For the second time in two months, the Federal High Court, Abuja, has ordered the Central Bank of Nigeria (CBN) governor, Godwin Emefiele to appear before it over an unpaid $53 million garnishee order in favour of Mr. Joe Agi (SAN) and a team of lawyers.
Justice Inyang Ekwo of the Federal High Court, Abuja, had on November 20, 2019 under Form 15 issued the summons to Emefiele in the case FHC/ABJ/CS/1193/2017 instituted against CBN as Garnishee/Respondent, Linas International Limited and the Minister of Finance as Judgement Debtors Garnishees by Mr. Joe Agi as Creditor/Applicant and on behalf of a team of benefiting lawyers.
This judgement said “the plaintiff/judgement creditor obtained Garnishee Order Absolute against the Central Bank of Nigeria in this matter on the July 5, 2019, for $70 million and the same sum remains partially unsatisfied till date to the tune of $53 million.”
Documents made available to newsmen in Calabar yesterday by sources close to the court stated that when the matter came up for hearing on January 23, Emefiele was not in court and upon hearing from Mr. J. C. Njikonye, counsel to Agi, that Emefiele was “served the judgement summon but is not in court and not represented, Justice Ekwo said ‘an order is hereby made adjourning this case to enable Mr. Godwin Emefiele appear in court as stated on the summons and answer to the issue thereto on the next date of hearing” which is February 26.
The court further agreed that “either party that desires to postpone the hearing must apply to the court as soon as possible for that purpose and if the application is based on any matter of fact, he must be prepared to give proof of those decisions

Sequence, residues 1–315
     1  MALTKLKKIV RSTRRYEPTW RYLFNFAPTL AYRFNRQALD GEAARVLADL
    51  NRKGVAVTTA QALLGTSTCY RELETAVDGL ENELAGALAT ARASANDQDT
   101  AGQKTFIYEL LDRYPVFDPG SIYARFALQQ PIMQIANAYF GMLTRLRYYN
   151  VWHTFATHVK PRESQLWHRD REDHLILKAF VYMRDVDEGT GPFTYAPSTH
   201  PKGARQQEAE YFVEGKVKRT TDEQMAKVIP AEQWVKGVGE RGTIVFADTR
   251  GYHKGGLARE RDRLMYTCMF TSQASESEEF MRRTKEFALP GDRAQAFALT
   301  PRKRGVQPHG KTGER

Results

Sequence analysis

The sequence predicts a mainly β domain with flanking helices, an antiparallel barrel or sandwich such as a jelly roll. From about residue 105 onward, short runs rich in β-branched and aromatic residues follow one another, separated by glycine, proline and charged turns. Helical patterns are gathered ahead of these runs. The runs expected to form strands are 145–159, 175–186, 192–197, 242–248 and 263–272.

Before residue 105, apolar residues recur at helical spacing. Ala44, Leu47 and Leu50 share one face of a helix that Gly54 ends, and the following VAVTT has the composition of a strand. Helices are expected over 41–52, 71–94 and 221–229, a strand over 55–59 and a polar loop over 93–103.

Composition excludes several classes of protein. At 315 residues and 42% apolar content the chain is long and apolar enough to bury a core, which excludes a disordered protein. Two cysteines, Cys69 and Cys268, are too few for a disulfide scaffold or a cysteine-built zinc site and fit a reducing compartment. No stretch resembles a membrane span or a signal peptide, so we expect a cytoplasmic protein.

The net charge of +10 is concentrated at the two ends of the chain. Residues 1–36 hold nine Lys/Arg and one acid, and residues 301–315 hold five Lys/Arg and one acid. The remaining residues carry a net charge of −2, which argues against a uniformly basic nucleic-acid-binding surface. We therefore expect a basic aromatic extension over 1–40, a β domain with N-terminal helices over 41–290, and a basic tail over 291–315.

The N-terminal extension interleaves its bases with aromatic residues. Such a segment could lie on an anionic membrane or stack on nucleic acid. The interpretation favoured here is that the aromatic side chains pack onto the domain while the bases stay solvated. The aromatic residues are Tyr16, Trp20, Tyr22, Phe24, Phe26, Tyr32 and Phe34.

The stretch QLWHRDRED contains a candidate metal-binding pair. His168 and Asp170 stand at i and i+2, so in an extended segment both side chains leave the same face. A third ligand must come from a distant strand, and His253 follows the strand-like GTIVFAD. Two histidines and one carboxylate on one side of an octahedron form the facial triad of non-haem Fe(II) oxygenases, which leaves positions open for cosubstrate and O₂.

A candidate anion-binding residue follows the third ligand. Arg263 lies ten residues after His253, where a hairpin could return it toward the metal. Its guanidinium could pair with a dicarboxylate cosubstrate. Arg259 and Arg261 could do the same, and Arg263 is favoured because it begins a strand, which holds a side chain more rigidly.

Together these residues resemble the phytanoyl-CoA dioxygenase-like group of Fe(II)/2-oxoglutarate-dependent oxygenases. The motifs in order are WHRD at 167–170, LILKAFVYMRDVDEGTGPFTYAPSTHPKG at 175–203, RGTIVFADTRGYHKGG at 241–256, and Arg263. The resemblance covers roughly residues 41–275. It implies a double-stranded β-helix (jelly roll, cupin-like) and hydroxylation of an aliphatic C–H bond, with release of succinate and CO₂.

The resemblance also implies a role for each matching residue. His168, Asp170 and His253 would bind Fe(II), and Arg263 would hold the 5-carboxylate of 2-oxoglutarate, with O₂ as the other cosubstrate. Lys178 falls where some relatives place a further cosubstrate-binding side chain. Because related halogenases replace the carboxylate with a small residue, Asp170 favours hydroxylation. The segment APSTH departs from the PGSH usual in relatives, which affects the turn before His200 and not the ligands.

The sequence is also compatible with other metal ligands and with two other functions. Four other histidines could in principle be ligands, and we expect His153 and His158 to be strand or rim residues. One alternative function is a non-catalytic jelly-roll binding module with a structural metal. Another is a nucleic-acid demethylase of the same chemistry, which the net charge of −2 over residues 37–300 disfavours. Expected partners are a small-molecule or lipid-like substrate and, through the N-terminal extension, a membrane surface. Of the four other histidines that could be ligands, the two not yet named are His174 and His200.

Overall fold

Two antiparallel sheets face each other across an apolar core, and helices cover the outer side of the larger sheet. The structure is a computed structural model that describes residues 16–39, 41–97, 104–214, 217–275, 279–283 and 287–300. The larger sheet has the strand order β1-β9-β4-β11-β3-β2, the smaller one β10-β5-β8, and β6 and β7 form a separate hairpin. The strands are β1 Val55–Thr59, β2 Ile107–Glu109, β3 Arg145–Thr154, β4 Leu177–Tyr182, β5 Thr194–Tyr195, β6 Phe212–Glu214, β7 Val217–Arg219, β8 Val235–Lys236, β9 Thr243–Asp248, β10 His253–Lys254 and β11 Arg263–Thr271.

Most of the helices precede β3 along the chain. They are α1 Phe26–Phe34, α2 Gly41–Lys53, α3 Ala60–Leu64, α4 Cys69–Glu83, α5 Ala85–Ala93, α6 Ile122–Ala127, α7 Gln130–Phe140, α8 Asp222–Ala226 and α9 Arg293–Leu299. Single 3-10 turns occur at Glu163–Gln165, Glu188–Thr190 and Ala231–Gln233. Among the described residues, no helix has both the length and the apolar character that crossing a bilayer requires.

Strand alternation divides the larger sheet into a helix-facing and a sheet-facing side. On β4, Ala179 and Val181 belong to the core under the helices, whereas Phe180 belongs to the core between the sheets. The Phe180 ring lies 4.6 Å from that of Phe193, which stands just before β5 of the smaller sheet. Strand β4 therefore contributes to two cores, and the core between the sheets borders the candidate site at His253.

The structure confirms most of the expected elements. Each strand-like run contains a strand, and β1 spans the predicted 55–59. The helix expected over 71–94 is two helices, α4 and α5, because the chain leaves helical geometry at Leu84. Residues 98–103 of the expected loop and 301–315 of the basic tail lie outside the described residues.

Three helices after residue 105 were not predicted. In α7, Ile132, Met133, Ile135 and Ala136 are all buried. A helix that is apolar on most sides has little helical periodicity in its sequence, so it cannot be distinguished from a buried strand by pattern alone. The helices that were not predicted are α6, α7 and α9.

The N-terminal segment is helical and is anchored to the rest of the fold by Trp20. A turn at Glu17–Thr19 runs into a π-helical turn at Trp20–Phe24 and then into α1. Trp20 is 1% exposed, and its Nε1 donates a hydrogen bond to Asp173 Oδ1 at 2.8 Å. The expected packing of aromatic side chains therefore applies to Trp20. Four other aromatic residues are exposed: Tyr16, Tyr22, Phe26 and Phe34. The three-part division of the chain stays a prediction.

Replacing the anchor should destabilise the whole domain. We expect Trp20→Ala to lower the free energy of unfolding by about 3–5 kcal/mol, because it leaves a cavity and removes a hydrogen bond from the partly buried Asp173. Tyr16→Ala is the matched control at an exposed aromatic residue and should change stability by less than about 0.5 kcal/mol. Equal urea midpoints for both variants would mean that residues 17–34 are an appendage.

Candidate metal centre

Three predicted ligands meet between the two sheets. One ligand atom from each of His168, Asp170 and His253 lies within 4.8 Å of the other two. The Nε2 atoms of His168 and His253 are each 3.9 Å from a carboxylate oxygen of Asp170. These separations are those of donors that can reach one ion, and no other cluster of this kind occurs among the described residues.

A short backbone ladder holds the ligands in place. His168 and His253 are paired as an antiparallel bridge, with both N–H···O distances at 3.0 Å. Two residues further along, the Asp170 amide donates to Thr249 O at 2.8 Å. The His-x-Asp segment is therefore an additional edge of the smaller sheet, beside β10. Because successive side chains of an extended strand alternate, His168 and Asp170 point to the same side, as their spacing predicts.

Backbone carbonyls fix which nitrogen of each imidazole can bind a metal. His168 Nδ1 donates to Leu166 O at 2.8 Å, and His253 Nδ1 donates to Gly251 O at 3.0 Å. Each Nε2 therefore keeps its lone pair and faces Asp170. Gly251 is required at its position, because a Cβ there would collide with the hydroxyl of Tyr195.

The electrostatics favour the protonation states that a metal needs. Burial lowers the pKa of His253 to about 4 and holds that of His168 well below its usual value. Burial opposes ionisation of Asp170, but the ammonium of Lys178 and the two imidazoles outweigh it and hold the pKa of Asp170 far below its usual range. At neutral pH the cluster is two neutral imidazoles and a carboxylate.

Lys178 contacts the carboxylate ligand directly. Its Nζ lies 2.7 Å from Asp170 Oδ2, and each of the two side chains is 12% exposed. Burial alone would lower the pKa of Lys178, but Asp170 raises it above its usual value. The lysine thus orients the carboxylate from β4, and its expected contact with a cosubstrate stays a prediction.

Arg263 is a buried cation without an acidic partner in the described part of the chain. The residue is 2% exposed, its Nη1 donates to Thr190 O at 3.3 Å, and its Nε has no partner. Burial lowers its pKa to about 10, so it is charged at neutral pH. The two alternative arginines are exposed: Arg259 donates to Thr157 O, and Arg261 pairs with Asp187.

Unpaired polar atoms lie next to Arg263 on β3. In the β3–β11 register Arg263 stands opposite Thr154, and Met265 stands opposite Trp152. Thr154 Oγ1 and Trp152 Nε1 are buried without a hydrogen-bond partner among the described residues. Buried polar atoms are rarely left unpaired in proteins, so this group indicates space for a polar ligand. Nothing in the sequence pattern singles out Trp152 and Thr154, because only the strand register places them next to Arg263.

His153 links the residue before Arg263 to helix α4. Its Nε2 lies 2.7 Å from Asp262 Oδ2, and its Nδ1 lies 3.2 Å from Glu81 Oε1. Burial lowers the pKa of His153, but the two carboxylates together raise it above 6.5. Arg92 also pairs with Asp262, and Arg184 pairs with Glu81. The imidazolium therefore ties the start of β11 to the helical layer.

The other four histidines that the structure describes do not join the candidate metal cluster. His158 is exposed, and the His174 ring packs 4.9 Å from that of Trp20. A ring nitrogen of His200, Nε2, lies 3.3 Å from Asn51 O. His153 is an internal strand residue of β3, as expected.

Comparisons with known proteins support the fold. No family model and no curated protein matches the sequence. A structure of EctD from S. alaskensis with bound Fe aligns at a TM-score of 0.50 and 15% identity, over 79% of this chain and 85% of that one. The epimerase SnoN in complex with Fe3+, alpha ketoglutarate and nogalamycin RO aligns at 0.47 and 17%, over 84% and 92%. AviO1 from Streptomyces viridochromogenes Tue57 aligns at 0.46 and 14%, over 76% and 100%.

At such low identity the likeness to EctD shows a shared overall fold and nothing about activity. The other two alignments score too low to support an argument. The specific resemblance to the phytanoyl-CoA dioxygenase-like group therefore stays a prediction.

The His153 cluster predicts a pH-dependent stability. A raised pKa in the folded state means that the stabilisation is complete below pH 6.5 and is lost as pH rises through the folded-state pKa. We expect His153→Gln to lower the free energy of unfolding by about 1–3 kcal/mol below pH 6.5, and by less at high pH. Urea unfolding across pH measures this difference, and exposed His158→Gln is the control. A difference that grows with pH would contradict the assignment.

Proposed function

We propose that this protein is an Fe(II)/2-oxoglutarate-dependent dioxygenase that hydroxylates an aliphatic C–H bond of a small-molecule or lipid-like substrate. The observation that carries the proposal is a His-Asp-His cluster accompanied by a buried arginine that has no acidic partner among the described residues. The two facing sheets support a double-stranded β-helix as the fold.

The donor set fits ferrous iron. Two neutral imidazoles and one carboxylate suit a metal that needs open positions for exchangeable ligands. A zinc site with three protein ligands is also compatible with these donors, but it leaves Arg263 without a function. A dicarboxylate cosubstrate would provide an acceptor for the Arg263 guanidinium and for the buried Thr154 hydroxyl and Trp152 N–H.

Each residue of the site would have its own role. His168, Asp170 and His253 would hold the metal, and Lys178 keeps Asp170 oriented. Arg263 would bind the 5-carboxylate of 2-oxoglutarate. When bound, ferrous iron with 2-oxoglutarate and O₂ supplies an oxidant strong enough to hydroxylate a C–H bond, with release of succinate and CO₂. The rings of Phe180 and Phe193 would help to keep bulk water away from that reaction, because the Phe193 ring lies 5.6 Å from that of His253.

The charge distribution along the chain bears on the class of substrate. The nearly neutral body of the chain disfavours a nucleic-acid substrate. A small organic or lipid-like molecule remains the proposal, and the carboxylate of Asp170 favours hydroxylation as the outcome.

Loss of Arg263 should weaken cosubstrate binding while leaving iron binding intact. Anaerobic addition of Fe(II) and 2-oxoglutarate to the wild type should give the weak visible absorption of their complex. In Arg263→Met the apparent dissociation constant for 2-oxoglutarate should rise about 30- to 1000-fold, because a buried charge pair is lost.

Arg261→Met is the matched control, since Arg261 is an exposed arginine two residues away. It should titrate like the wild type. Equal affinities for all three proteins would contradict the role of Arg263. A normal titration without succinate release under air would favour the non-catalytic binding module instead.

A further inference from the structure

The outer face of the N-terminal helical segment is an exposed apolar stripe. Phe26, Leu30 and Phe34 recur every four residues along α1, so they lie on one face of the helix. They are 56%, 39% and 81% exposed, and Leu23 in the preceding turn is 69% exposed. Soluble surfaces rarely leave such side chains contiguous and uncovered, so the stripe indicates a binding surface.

“The parties are required to bring forward all the evidence by witnesses or by documents which each of them desires to rely on in support of his own case and in contradiction of that of his opponent. The proof will be required at the hearing, and not on a subsequent day. Parties failing to bring their evidence forward at the proper time may find themselves absolutely precluded from abducting it at all, or at best only allowed to do so on payment of substantial costs to the other side, and on such other terms as the court thinks fair to impose.”
Parties desirous to enforce the attendance of witnesses, according to the court, should apply at once to the court to issue one or more summonses for the attendance of the witnesses required.
“It is indispensable that the application should be made, so as to allow time for reasonable notice to the witnesses required. If the witness is required to bring books or papers, they must be particularised in the summons sufficiently to enable him to understand what is meant.
“Any party summoning a witness through the court becomes liable to pay such witness reasonable sum of money to be fixed by the court for his expense and loss of time. The count may refuse to enforce the attendance of a witness unless such sum has been fixed and deposited in the court.
“If either party desires to use in evidence at the hearing any book or document in the possession or power of the other party, he must give the other party reasonable notice in writing to produce it at the hearing, failing which he will not be allowed to give any secondary evidence of its contents,” the judge added.